cooking.nytimes.com – Melissa Clark
Dry brine is a combination of salt and spices or aromatics (or both) that you use to season a chicken. It’s both easier that submerging a chicken in a traditional wet brine, and it produces a more crisp-skinned bird. And like a wet brine, a dry brine will yield a tender, juicy result.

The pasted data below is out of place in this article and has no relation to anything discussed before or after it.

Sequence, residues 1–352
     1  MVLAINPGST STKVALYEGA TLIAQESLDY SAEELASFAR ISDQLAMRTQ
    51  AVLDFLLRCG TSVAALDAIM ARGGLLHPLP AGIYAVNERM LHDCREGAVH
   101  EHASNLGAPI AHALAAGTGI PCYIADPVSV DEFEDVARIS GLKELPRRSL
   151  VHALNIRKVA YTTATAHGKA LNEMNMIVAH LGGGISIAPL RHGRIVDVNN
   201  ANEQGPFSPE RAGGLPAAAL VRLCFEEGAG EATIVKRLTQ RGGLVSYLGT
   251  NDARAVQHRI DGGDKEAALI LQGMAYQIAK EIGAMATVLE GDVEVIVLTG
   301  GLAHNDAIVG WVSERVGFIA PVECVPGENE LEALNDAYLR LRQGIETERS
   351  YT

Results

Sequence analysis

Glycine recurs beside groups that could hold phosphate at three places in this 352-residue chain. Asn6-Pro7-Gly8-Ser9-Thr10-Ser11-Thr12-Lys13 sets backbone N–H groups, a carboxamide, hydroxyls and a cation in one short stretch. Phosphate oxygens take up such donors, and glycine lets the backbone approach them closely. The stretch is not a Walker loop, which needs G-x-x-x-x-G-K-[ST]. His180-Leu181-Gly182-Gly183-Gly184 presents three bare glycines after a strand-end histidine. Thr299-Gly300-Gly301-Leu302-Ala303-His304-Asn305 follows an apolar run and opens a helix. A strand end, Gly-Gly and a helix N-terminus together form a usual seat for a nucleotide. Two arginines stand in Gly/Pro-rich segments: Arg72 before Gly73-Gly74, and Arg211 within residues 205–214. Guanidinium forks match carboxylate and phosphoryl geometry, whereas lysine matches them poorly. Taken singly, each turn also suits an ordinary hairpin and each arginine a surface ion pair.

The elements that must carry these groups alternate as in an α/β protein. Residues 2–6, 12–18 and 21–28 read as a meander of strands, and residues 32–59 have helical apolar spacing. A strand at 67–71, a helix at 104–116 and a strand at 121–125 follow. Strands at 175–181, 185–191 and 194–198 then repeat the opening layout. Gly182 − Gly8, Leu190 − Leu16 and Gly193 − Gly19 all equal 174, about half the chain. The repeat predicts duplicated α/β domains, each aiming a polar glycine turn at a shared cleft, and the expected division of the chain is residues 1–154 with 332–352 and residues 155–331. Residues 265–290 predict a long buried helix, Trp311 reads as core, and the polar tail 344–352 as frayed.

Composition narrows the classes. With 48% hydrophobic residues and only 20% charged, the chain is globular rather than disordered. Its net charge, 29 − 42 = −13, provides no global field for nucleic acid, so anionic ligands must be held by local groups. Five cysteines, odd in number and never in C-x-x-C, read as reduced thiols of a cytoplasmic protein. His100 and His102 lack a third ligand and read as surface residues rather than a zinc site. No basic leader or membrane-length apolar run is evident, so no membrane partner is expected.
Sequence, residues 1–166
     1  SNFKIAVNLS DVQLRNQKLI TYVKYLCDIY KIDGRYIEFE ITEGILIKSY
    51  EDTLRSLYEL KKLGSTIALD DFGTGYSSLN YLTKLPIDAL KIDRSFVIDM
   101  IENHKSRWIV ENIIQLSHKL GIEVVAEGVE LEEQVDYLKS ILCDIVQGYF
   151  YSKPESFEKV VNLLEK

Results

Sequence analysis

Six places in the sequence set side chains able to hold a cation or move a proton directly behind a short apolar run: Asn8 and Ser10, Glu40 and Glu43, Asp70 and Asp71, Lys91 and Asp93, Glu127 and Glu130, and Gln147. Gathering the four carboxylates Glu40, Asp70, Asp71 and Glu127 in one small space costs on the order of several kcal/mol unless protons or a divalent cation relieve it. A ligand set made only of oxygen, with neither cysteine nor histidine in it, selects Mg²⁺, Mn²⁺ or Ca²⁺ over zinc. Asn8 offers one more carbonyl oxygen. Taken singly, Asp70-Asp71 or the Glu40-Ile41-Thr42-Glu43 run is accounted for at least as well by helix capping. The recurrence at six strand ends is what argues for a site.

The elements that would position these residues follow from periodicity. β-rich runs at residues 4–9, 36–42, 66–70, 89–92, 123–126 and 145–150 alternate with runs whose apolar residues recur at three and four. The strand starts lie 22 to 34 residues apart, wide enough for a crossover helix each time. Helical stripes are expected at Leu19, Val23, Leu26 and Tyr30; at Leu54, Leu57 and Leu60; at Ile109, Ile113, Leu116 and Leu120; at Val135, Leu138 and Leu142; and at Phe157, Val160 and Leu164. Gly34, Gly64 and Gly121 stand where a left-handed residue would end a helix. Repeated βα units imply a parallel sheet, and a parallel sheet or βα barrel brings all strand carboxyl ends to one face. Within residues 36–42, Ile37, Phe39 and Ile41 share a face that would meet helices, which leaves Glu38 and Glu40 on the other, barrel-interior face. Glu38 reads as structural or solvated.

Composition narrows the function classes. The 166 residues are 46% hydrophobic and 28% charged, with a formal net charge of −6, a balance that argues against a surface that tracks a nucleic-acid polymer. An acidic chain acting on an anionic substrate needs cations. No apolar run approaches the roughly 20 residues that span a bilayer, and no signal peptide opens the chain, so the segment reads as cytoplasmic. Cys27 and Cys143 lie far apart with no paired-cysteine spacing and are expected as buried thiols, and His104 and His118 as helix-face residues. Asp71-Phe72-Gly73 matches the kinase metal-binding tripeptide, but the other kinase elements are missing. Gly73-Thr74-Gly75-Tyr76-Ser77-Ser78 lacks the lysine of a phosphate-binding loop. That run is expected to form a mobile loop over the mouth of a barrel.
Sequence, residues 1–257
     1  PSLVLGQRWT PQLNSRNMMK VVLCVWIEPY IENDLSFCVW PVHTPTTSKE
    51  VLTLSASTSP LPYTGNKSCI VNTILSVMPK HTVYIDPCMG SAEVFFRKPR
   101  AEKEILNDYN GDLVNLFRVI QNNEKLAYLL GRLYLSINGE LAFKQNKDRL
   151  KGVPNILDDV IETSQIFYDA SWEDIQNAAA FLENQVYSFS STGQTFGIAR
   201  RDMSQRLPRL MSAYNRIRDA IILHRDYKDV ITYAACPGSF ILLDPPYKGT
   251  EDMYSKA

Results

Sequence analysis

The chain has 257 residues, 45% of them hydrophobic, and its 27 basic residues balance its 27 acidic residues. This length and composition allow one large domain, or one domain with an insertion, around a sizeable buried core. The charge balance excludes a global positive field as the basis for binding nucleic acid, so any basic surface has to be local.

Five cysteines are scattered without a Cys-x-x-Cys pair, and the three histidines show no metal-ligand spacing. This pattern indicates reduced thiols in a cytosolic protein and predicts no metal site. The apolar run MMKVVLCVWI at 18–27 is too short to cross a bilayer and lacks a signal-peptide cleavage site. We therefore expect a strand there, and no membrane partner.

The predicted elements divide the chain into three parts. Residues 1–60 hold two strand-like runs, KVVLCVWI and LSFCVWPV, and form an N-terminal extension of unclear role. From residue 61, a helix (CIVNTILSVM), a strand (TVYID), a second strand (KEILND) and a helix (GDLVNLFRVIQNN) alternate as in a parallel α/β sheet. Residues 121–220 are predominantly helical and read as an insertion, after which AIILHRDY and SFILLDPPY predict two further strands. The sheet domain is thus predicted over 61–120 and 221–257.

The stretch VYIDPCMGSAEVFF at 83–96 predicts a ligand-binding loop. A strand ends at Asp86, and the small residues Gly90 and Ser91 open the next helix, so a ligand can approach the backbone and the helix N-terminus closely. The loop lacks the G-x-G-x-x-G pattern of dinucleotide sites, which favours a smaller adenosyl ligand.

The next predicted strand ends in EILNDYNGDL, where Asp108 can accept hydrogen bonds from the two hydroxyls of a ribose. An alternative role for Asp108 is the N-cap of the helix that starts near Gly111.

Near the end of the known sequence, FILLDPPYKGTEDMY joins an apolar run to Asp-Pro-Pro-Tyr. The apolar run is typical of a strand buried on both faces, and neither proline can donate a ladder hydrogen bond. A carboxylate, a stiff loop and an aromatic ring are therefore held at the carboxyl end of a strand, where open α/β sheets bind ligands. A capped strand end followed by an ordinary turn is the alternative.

For a dry brine, it’s best to season your bird at least 1 hour ahead and let it rest, uncovered, in the fridge (keeping it uncovered dries out the skin, which encourages crispness). But if you have time, up to 24 hours in the fridge is even better.